FSU Offense vs. UNC Defense
This matchup is strength vs. strength—one of the nation's top offenses, led by FSU QB Christian Ponder, who is playing as well as any quarterback in the country, against one of the nation's best defenses, led by arguably the best front seven in the country. Florida State has struggled to run on the better defensive fronts they've played (i.e. Miami and South Florida), and Carolina has a bigger and more talented defensive line (as well as faster, more talented linebackers) than each of these squads, led by 6'5, 270 pound defensive end Robert Quinn, who, despite being a sophomore, may be the top defensive end prospect in the country. The other end is even bigger: 280 pound senior E.J. Wilson.
Inside, Carolina looks an awful lot like Boston College of last year, with two huge NFL caliber defensive tackles in 330 pound Cam Thomas and 320 pound Marvin Austin (a one-time FSU commit who jilted the ‘Noles the week of Signing Day) clogging the middle. These two tackles are backed up by a pair of experienced 300 pounders, giving the Heels a deep and huge interior, allowing them to run two-gap schemes on the inside, allowing their speedy linebackers to stay "clean" and flow to the football. Though the linebackers are known for their speed, they're not especially small, with two above 230 and the other at 220. The top linebacker is Quan Sturdivant, Mel Kiper's #2 rated inside linebacker prospect, though outside linebacker Bruce Carter (who might be the best athlete at linebacker FSU will play against this year) is no slouch either (Kiper's #3 junior outside linebacker prospect).
The weakness (if there is one) of the defense is the secondary. Because they can usually stop the run with their front four, however they're usually in a cover two look, protecting their smaller corners and allowing their linebackers to cover a lot of ground in the short and intermediate zones. In terms of style, expect the defense to look like a cross between Miami (especially the ‘Canes' linebackers) and Boston College, with conservative coverage schemes forcing a lot of intermediate throws and protecting against the big play. Against Carolina's base defense, the holes should be down the sidelines at around 20–35 yards and in the middle intermediate zone between the safeties.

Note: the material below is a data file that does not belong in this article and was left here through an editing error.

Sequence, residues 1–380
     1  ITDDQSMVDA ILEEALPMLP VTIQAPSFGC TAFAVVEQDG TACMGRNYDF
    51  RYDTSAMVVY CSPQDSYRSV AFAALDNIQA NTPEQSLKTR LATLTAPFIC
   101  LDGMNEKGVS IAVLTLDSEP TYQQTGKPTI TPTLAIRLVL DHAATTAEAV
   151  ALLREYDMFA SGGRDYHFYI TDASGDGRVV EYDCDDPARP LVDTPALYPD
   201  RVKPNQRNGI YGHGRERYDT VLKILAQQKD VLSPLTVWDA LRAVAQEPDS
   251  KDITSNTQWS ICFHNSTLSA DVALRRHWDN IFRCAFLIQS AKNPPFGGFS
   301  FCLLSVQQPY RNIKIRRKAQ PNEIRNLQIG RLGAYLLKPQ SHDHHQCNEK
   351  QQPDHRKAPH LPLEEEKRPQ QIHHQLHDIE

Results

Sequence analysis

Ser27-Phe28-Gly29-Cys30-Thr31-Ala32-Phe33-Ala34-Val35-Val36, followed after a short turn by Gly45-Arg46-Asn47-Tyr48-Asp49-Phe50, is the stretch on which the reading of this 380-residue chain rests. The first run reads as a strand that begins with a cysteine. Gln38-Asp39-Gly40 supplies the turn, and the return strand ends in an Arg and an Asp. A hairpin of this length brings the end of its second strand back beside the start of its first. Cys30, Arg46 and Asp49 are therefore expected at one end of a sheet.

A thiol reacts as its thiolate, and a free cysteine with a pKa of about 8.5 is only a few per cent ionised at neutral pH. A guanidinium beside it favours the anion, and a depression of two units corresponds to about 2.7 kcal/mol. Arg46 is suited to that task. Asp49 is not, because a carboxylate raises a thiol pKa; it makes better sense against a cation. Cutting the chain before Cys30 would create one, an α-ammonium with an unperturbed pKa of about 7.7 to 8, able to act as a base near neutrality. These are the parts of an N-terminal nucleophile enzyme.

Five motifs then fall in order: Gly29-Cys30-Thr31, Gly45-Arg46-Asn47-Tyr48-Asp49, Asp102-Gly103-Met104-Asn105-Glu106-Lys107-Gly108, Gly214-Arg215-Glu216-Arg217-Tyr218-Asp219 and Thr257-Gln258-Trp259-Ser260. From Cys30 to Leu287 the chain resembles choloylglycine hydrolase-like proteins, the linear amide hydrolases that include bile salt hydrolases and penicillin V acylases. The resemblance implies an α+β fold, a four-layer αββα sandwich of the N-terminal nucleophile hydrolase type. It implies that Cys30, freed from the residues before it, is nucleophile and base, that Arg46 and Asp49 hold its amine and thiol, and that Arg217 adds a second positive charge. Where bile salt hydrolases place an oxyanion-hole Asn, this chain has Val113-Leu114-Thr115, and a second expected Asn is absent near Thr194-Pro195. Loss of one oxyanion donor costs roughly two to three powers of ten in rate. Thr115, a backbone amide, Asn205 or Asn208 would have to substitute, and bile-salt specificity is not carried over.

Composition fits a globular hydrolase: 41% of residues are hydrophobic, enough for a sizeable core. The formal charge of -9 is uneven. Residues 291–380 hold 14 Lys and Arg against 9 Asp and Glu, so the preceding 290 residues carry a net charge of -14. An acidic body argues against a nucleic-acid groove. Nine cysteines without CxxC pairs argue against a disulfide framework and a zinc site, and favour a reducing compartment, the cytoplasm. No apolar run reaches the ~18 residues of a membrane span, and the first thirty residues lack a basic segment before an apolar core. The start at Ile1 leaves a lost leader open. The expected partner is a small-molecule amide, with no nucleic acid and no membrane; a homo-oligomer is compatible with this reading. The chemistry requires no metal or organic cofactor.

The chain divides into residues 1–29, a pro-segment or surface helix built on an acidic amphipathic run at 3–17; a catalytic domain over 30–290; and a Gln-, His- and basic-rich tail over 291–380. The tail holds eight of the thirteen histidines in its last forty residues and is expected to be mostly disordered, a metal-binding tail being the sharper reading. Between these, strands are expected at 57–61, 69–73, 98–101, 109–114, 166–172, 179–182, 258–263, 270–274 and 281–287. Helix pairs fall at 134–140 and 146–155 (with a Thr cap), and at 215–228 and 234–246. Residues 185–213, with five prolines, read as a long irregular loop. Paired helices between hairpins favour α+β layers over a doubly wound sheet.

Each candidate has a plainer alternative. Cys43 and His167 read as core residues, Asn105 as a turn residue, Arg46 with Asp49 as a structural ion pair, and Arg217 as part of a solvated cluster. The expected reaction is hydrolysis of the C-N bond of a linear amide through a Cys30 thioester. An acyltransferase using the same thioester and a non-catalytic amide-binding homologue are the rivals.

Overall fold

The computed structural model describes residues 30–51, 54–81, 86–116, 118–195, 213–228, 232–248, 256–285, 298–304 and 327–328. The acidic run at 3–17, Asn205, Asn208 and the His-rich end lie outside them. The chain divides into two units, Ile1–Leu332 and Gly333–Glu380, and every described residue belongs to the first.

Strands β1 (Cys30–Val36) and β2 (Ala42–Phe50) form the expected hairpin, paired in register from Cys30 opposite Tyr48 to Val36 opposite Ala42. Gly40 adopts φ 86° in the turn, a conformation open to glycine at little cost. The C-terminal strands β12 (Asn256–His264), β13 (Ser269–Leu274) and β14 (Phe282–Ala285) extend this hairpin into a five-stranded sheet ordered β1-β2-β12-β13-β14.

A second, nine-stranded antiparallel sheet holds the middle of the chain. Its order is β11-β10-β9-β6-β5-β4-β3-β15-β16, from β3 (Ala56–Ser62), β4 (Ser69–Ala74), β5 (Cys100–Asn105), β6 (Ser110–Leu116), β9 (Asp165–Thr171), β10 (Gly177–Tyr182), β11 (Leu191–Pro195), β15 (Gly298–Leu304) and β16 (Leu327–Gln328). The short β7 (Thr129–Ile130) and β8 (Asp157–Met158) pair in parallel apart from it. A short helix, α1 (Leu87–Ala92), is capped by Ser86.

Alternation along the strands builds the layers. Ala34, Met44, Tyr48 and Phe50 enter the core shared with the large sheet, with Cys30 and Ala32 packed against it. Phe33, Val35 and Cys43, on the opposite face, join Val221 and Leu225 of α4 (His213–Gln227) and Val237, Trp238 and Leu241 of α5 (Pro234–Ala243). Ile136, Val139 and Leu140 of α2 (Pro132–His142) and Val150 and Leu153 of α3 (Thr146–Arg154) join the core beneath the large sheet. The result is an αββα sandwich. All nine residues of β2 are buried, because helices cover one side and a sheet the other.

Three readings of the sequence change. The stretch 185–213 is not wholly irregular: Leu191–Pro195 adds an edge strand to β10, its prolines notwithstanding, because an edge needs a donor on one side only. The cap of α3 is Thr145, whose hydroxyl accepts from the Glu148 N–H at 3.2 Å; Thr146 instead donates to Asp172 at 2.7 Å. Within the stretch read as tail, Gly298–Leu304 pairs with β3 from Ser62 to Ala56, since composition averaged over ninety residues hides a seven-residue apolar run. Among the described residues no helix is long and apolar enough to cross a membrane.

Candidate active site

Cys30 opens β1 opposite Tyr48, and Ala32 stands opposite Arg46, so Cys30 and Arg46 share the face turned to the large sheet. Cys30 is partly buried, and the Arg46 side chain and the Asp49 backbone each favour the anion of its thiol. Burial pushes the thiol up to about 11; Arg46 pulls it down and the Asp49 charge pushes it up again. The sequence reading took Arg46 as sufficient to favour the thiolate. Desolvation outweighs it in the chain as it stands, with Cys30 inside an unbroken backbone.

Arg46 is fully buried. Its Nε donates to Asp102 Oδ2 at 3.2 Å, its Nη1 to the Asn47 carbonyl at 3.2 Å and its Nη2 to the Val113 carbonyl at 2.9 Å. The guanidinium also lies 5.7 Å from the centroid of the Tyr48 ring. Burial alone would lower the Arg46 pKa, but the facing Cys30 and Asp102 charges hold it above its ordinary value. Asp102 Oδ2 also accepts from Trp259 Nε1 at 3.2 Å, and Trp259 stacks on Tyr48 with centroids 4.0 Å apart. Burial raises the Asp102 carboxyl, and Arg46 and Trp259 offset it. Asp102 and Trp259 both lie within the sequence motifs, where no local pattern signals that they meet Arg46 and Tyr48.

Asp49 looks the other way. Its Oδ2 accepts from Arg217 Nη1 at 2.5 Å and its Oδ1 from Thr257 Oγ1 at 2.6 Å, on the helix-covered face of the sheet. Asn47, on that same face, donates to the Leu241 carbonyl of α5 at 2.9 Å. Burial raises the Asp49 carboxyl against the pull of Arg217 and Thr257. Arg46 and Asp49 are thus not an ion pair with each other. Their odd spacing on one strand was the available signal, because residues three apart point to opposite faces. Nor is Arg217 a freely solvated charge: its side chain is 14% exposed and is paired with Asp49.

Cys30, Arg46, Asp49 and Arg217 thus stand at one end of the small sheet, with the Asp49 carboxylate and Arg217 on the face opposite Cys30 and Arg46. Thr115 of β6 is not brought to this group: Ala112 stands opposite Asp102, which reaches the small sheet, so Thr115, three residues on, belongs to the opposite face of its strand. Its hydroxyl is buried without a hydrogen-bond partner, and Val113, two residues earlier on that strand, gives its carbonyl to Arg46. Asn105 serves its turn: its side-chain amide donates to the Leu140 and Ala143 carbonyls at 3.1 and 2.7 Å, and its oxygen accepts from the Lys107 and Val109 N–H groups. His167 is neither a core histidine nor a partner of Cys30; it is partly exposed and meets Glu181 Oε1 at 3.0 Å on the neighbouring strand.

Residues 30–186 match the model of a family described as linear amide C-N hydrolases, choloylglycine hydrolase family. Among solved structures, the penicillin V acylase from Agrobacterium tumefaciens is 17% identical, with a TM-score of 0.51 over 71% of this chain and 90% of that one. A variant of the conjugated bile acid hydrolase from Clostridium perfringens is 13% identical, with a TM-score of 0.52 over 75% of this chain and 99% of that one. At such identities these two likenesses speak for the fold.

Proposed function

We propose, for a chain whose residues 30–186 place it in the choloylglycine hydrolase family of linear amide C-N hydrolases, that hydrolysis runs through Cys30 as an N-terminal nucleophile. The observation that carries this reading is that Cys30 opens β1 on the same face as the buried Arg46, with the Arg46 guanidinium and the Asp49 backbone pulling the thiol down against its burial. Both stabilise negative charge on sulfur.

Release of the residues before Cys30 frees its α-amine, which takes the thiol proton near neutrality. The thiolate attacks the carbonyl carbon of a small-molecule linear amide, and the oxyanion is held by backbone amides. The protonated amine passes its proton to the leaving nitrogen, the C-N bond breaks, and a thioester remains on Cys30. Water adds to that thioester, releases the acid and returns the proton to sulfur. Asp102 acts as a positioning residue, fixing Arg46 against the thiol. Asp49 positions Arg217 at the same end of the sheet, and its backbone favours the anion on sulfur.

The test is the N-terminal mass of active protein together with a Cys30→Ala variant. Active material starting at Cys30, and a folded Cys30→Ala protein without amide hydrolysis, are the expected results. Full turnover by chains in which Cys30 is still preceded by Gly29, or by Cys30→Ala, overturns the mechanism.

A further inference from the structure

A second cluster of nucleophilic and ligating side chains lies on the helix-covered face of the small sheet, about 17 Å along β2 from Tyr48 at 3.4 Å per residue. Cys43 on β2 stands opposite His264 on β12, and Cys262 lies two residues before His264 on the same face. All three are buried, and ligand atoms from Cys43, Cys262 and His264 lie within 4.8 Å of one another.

Look for FSU to try to neutralize the Heels' size inside by spreading them out and throwing on first down, when they have to play honest and respect the run threat. The worst thing the ‘Noles can do is try to come out and establish the run right away, getting into long yardage situations and throwing into the teeth of a very quick defense set to play the pass—a sure recipe for turnovers. That said, Carolina's front does have a weakness: I'm not sure they are especially tough up front. The two tackles especially have shown a penchant for taking plays off (unlike BC's tackle duo from a year ago), and conditioning and focus have been factors in the past, as they have let themselves get pushed around at times by lesser offensive lines. Look for Trickett's soldiers to test the toughness of UNC's "pretty boys" up front right away, and if FSU does have some early success, I'm not sure the defensive linemen will continue to play with the kind of abandon they'll need to stop the FSU attack.